The demand for treatment for cannabis dependence has grown dramatically. The majority of the people who enter the treatment have difficulty in achieving and maintaining abstinence from cannabis. Understanding the impact of cannabis withdrawal syndrome on quit attempts is of obvious importance. Cannabis, however, has long been considered a ‘soft’ drug, and many continue to question whether one can truly become dependent on cannabis. Skepticism is typically focused on whether cannabis use can result in ‘physiological’ dependence or withdrawal, and whether withdrawal is of clinical importance.
The neurobiological basis for cannabis withdrawal has been established via discovery of an endogenous cannabinoid system, identification of cannabinoid receptors, and demonstrations of precipitated withdrawal with cannabinoid receptor antagonists. Laboratory studies have established the reliability, validity, and time course of a cannabis withdrawal syndrome and have begun to explore the effect of various medications on such withdrawal. Reports from clinical samples indicate that the syndrome is common among treatment seekers.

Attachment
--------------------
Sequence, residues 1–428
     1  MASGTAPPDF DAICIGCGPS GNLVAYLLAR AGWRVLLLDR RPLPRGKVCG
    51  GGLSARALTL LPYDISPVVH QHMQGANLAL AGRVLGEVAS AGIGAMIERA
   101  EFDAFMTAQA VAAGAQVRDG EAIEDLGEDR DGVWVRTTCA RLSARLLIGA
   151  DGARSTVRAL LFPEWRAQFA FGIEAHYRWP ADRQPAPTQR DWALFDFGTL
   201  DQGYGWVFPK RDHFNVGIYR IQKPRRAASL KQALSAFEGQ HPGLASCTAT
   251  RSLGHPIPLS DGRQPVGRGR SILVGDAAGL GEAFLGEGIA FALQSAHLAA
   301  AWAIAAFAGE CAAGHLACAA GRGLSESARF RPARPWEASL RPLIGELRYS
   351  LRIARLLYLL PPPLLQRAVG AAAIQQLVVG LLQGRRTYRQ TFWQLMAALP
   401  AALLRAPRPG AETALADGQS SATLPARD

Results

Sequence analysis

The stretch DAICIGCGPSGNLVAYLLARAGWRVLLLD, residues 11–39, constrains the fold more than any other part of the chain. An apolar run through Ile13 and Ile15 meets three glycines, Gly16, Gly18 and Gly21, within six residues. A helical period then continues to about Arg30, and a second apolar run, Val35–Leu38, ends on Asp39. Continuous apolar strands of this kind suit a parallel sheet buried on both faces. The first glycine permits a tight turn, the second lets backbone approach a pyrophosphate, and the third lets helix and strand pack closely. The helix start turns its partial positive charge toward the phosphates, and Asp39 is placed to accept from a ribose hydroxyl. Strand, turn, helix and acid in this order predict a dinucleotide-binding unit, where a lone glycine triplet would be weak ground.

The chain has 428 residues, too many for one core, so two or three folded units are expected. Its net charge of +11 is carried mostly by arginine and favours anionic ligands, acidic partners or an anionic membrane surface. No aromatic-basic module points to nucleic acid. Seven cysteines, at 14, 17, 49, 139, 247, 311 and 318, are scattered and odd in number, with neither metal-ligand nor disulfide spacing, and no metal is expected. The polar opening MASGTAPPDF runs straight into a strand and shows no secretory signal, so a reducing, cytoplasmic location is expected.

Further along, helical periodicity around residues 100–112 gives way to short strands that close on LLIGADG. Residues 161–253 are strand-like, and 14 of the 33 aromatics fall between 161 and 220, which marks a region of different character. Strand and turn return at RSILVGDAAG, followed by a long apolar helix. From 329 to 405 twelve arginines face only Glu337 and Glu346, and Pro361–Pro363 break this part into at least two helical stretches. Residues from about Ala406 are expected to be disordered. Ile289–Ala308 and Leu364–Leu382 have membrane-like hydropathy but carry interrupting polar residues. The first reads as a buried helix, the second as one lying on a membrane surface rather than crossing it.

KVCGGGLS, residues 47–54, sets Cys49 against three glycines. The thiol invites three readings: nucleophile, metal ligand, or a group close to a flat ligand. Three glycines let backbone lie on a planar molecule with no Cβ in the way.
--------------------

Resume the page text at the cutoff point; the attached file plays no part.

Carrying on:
A clinically important withdrawal syndrome associated with cannabis dependence has been established. Additional research must determine how cannabis withdrawal affects cessation attempts and the best way to treat its symptoms.
aCenter for Addiction Research (CAR), Department of Psychiatry, College of Medicine, University of Arkansas for Medical Sciences, Little Rock, Arkansas
bDepartment of Psychiatry, College of Medicine, University of Vermont, Burlington, Vermont, USA
Correspondence to Alan J. Budney PhD, Center for Addiction Research (CAR), Department of Psychiatry, College of Medicine, University of Arkansas for Medical Sciences, 4301 West Markham Street, Slot 843, Little Rock, AR 72205, USA Tel: +1 501 686 5207; e-mail: email@example.com
Supported by NIDA grants DA12471, DA12157, K02-00109, K05-00450, and T32-DA07242.